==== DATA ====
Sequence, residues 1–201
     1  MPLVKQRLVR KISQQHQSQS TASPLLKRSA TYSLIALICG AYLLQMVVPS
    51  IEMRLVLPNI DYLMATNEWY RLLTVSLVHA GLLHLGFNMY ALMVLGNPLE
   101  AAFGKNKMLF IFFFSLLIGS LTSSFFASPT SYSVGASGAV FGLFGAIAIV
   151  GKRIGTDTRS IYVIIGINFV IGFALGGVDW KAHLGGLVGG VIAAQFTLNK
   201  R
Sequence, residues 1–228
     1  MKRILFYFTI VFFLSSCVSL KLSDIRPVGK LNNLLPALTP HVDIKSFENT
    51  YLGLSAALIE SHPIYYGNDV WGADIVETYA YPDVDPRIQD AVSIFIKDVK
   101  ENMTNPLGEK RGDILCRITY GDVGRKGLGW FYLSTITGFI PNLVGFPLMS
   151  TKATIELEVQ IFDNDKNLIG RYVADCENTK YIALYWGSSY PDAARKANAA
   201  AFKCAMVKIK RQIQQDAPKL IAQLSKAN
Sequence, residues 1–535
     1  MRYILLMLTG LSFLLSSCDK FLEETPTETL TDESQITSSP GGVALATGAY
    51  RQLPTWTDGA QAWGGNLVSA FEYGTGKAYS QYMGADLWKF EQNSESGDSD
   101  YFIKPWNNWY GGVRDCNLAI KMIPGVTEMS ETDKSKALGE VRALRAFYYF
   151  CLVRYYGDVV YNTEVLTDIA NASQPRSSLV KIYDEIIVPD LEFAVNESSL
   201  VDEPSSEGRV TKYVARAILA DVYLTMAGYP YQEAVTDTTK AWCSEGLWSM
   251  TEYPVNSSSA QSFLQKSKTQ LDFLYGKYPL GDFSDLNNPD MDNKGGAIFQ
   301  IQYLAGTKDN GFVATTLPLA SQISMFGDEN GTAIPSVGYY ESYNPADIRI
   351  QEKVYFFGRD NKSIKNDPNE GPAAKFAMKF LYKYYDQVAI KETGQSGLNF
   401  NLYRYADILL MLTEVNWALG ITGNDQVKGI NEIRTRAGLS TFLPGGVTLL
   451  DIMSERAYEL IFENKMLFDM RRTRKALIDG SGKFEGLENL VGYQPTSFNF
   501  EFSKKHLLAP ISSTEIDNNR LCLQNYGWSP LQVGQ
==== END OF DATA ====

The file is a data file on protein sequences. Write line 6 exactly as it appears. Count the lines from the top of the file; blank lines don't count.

   201  R